Thursday, December 04, 2003

"Sorry I was late with the crudité dip everyone: a novice photographer with a pronounced erection had his grubby little camera all up in my business! Aren't I the mostest?"


Wednesday, December 03, 2003

Cracking open an iPod...


...or, what happens when your iPod's battery goes bad.


Tuesday, December 02, 2003

Why do people do this?

Why would one create a stylesheet that underlines non-link text when the mouse hovers over it? I find this rather usetting.

I want one! I want one!

I love Leicas. I've been lusting after an R8 with the digital back for some time.


I just noticed that the disk format for Safari's bookmarks has changed from HTML to XML. Interesting.

Quick Quiz: How many times a week do you call your own cell phone, trying to find it?

I'm thinking that three or four is too many.

Monday, December 01, 2003

"I'm not usually a violent person, but something clicked and I kicked the ever living hell out of my computer.  I mean hard.  I was livid.  I went East Side on my PC tower.  I threw a couple gang signs and even tried to stab the side of my computer with a screwdriver.  Seriously."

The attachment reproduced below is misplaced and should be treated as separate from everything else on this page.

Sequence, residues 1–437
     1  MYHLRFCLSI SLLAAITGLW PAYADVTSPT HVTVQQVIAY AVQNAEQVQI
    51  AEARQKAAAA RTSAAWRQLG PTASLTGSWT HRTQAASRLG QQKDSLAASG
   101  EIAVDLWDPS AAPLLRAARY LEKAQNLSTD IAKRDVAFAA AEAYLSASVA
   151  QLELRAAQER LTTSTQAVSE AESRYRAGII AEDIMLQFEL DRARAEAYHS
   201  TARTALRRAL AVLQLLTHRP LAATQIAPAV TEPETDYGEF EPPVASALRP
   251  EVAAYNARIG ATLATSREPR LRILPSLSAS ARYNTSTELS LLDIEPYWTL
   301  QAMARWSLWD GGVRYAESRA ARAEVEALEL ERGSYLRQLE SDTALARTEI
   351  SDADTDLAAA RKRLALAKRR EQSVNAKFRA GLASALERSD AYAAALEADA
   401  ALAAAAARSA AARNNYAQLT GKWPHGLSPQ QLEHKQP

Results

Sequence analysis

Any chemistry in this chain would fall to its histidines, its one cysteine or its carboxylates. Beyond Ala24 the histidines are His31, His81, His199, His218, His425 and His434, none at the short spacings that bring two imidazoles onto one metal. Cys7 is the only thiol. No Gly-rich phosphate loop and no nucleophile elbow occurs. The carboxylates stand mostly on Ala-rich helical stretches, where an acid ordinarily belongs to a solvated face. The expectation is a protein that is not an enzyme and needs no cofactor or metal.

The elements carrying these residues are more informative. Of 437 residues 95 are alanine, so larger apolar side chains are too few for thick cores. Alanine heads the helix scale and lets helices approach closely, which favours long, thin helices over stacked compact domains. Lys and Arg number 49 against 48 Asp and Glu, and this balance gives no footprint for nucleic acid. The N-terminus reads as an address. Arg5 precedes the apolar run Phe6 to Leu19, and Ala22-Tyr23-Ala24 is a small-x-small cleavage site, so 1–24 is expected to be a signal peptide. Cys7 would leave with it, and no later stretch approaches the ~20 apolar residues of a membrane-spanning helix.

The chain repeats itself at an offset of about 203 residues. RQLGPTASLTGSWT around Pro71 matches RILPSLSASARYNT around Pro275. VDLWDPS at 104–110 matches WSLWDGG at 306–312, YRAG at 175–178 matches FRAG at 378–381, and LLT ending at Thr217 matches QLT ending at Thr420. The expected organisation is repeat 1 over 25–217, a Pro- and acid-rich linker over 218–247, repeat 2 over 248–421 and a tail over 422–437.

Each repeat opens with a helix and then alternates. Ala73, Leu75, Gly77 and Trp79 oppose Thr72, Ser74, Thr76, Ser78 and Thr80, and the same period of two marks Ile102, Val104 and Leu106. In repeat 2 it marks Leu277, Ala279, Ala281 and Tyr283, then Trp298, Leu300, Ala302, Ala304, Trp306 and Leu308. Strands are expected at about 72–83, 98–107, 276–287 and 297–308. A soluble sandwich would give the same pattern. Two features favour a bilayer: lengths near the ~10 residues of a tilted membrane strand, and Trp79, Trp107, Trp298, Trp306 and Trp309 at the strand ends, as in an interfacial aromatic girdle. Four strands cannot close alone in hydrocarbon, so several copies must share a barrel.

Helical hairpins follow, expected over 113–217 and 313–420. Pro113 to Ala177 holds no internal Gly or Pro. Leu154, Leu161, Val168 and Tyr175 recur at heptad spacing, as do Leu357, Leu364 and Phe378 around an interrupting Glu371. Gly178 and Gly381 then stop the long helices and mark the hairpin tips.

[via Janicek.com]

Dave Pollard is talking about a book by Jim Merkel, Radical Simplicity.

"In the face of looming ecological disaster, many people feel the need to change their own lifestyles as a tangible way of transforming our unsustainable culture. Radical Simplicity is the first book that guides the reader to a personal sustainability goal, then offers a process to monitor progress to a lifestyle that is equitable amongst all people, species, and generations. It employs three tools to help readers begin their customized journey to simplicity."

Sounds fascinating.

"Thus did students who are within months of graduating with their $160,000 computer science degrees learn how modern information systems are actually built, even by institutions that earn much of their revenue from educating American software developers."

Philip Greenspun, via Dave. Interesting story.

Oddly enough, Dave Winer and the Longhorn development people both got me thinking about something.